At the recent Industrial Transformation Asia Pacific (ITAP) 2019 event in Singapore, Renishaw (Singapore) Pte Ltd showcased an end-to-end solution involving the production of aerospace blades and its assembly into a blisk. From additive manufacturing, where the aerospace blades were manufactured (Station 1) though metal 3D printing; to the calibration station, which featured Renishaw’s XL80 and XK10 calibration products, designed to make sure that machining processes are as accurate as they can be; to Station 3, which featured a machine tool showing some of Renishaw’s probing technologies, particularly SupaScan, which is a method of using a scanning probe on a machine tool to gather data quickly, and enables set up of a part very accurately. Alongside the machine tool is the Equator gauging system, which makes sure that parts being finished on the machine tool stay within tolerance. Finally, Station 4 showcases the final assembly of the blades into a blisk, which is being inspected on a CMM using a REVO 5-axis scanning technology.
“Basically, we’re looking at a complete, end-to-end story of the part,” says Steve Bell, general manager for ASEAN at Renishaw Singapore. “All of that supplemented by Renishaw Central, a software product that allows you to gather data from the complete mix of Renishaw equipment; and from there, to use the data to make intelligent decisions about your manufacturing processes.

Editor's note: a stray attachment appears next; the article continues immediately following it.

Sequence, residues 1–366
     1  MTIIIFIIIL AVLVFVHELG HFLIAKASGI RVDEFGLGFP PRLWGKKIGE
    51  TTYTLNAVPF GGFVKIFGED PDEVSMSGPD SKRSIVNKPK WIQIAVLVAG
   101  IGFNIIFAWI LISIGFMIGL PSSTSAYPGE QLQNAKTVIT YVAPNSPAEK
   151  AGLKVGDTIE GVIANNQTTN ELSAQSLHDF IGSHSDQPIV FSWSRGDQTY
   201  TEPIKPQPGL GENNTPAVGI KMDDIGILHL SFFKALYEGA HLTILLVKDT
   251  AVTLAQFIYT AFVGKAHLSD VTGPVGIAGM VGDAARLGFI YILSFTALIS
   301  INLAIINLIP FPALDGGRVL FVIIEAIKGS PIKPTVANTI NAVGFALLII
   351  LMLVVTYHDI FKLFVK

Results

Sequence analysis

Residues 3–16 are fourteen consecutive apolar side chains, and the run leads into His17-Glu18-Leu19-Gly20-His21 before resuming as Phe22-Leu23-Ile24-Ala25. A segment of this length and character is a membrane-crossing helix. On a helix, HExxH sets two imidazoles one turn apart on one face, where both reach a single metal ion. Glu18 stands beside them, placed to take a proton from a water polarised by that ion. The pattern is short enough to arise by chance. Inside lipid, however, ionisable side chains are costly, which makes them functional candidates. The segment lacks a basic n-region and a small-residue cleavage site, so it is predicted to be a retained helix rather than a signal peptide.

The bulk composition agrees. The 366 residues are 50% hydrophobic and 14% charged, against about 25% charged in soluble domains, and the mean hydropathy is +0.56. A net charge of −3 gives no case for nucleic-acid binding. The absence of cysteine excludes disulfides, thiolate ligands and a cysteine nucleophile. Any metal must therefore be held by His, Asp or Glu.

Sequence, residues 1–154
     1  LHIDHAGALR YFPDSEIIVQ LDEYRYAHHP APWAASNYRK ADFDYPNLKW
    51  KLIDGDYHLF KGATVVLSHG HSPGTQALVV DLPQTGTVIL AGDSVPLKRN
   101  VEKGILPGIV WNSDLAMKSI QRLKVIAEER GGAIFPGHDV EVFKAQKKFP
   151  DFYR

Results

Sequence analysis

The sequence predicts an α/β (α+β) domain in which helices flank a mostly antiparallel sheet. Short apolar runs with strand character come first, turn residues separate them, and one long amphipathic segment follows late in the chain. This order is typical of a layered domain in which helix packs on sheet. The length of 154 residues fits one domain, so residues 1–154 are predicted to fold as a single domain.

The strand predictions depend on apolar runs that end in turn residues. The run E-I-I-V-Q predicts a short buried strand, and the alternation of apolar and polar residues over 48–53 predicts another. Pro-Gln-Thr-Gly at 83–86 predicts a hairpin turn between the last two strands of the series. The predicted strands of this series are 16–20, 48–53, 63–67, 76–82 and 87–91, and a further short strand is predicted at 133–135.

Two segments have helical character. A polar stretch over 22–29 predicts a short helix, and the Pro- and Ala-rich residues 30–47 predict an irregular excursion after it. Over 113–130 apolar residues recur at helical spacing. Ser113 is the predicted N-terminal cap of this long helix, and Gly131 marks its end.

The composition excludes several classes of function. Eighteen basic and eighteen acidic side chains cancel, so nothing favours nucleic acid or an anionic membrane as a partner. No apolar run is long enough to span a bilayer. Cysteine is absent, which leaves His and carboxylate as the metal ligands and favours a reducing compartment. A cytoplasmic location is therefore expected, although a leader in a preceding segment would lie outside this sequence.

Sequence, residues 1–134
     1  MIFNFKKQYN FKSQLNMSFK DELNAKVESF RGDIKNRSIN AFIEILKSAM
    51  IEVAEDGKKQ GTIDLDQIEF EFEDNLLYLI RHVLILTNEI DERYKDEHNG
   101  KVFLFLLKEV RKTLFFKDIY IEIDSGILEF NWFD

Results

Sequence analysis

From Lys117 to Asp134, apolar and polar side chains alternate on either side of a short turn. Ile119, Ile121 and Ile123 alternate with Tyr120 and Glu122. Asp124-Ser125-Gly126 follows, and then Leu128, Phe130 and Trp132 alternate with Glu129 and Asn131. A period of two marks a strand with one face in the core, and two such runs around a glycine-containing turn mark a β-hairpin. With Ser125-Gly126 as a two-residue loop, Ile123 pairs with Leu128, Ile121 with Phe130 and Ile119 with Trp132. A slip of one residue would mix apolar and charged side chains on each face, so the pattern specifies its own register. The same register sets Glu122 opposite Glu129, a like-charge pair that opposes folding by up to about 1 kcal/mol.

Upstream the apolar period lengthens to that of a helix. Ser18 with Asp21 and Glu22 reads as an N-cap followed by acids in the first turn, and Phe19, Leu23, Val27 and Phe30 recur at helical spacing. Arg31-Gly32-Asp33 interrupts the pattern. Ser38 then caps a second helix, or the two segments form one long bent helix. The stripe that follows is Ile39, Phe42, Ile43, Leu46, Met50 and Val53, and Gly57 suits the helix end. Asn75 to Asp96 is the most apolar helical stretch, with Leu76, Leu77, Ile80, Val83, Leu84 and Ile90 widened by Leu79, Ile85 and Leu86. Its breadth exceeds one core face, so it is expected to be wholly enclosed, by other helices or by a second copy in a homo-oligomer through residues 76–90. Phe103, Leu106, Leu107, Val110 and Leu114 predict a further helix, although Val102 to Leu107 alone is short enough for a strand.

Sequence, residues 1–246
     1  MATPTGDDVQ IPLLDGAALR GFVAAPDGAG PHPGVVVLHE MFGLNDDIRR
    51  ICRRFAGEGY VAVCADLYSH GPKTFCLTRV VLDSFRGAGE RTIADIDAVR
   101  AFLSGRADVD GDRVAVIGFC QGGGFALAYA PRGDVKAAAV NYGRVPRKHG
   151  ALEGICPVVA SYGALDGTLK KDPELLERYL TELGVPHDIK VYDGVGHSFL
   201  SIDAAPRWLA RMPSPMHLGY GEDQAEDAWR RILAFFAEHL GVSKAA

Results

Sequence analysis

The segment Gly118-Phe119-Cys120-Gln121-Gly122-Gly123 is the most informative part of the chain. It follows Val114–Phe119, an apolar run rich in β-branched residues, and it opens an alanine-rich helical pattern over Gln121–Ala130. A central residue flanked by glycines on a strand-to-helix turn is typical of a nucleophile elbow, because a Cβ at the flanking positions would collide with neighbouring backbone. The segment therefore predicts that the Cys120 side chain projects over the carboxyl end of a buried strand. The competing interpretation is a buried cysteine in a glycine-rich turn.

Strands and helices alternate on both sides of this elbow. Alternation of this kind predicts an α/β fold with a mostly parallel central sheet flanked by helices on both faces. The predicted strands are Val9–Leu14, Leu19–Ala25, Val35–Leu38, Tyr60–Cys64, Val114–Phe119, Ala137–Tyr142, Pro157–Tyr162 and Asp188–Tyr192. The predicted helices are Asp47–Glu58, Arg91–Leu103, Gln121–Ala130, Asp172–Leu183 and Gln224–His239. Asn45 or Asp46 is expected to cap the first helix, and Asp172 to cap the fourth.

According to Bell, it is the first time for company to attend ITAP. “We heard good things about last year’s ITAP event, so we decided to take part this year,” he says. “What we are seeing is that it is very much focused on automation, smart factory, Industry 4.0—these are all things that are of interest to us as a company. Industry 4.0 is all about connectivity of your equipment, getting useful information from the equipment, and then using that information to make sensible decisions about how you continue your manufacturing process. And all of that is very much what Renishaw is about.”
Growing Aerospace Industry
The aerospace industry in Singapore is a growing market, according to Bell. “It is very much an industry niche within Singapore,” he says.